Disney is the latest company to wade into the film and TV streaming game with Disney+ – or Disney Plus if you prefer – a new streaming service that will let you watch all of the Mouse House’s best and brightest in one place. Launching later this year with movies ranging from cartoon classics and Pixar’s finest
Disney is the latest company to wade into the film and TV streaming game with Disney+ – or Disney Plus if you prefer – a new streaming service that will let you watch all of the Mouse House’s best and brightest in one place.
Launching later this year with movies ranging from cartoon classics and Pixar’s finest through to Star Wars and Marvel – not to mention a bevy of exclusive new TV shows – Disney+ looks set to seriously shake up streaming. Here’s what you need to know.
When is Disney+ launching?
Disney Plus is set to debut in the US, Canada and the Netherlands on 12 November, with Australia and New Zealand launching a week later, and other major markets to follow within the first two years. The streaming service will include a selection of classic Disney content as well as the first of its new exclusives, including live action Star Wars show The Mandalorian.
The service is expected to launch in other countries at either the same or similar times, but as of yet Disney has only officially confirmed certain dates, so there’s a chance that fans in the UK or elsewhere might have to wait.
How much will it cost?
The initial pricing of the service is set to undercut major rival Netflix – which makes sense, given that Disney+ offers a more specific, focussed selection of content. With that in mind it will cost $6.99 per month (around £5.50) in the US, with the option of saving a little by paying $69.99 per year – which works out $5.83 each month.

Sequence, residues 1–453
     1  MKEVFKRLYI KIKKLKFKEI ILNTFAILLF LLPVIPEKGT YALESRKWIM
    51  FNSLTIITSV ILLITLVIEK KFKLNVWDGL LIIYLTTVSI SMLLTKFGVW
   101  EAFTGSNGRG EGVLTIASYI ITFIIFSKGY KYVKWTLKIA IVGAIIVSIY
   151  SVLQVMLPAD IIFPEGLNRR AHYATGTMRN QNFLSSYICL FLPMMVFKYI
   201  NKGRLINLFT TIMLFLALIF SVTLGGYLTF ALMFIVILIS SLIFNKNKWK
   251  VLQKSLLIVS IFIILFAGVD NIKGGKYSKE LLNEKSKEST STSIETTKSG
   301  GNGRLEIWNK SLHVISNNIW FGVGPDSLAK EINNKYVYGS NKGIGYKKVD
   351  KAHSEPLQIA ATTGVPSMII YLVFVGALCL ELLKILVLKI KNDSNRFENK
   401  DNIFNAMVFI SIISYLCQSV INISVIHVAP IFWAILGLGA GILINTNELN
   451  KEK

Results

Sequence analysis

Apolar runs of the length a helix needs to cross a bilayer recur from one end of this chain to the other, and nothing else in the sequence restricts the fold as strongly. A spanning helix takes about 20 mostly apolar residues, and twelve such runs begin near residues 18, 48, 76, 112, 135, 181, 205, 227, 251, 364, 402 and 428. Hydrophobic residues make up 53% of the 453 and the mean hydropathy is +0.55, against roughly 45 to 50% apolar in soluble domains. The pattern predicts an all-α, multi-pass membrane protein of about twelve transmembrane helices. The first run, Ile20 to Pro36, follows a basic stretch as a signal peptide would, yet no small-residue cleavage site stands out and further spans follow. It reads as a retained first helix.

There’s an even better deal planned if you don’t mind spending a little more. Disney will also bundle in Hulu with ads and ESPN+ into one single package for just $12.99 per month. Since Disney+ is normally $6.99, ESPN+ is $4.99, and Hulu is $5.99 on its ad-supported plan, that’s a minimum saving of $5 each month. Don’t expect this bundle to launch in every market though, as Hulu and ESPN aren’t widely available outside the US.
With Netflix’s standard plan now $10.99 per month, and its cheapest still $8.99, Disney’s pricing seriously undercuts the streaming giant – which should help it both lure Netflix subscribers into switching, and tempt others into picking up the Disney service on top of their existing streaming subscriptions.
For the other four markets that have been announced, Disney+ will cost $8.99 (Canadian) per month, and $89.99 for the year. In the Netherlands, the price will be €6.99 per month, and €69.99 per year. For Australia, the service will cost $8.99 (Australian) per month, and $89.99 per year. Finally, in New Zealand the monthly cost will be $9.99 (New Zealand) per month and $99.99 per year.